WILMINGTON, Del. (WPVI) -- A charter school will stay open after going through a financial scandal involving two former leaders.
Family Foundations Academy will continue to educate children. The State Board of Education renewed the charter and its new leader is Lamont Browne, who runs Eastside Charter in Wilmington.
Lamont Browne tells us, "This is not about the school this is about two individuals who made bad decisions. the rest of the staff is very strong."
The charter's future was in jeopardy after an independent audit found the school's leaders - Sean Moore and Tennell Brewington - allegedly used school credit cards to charge and pay for personal expenses, like car payments, groceries and other items.
The audit says Moore spent more than $73,000 - Brewington more than $20,000. Though auditors say she paid back about $3,000.
Both have been fired.
We tried to get comment from more than a dozen parents who showed up for parent teacher conferences today, but none wanted to go on camera.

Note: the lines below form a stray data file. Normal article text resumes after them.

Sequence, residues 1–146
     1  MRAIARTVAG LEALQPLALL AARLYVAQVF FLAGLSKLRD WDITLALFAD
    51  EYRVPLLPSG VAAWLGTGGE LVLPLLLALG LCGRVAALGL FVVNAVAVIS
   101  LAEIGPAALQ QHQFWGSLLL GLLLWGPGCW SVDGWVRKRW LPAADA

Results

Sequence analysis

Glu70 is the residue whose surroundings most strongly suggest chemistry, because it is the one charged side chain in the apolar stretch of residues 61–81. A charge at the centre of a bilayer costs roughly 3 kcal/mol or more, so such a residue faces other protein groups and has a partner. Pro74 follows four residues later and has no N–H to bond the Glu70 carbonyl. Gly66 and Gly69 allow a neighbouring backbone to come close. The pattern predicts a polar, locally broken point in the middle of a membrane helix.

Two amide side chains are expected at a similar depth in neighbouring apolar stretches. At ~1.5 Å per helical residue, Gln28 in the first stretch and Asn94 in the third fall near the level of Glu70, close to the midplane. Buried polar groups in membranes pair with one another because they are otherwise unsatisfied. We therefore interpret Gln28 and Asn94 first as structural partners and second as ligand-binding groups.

Several teachers attended today's vote.
Jason Casper teaches the 5th grade. He tells us, "I'm delighted. We've been working very hard over the past couple of weeks to rectify the problems that came to light and I think Monday night's board meeting showed that the school has what it takes to stay open."
The Secretary of Education and other officials refused our request for an on camera interview, but said in a statement that the school has met academic standards and implemented organizational changes in light of the audit.
However, the school will undergo a formal review to see if it's violating its charter.
Browne says, "Right now we are gonna continue investigating and we're going to analyze every detail of the operation and make a strategic decision as to what is best for the school. So right now we have the end of the year to finish strongly and we will make a smart decision as to what is best for the school in years going forward."
The investigation into the finances continues. Both Moore and Brewington could face possible charges.
Troubled charter school in Wilmington to stay open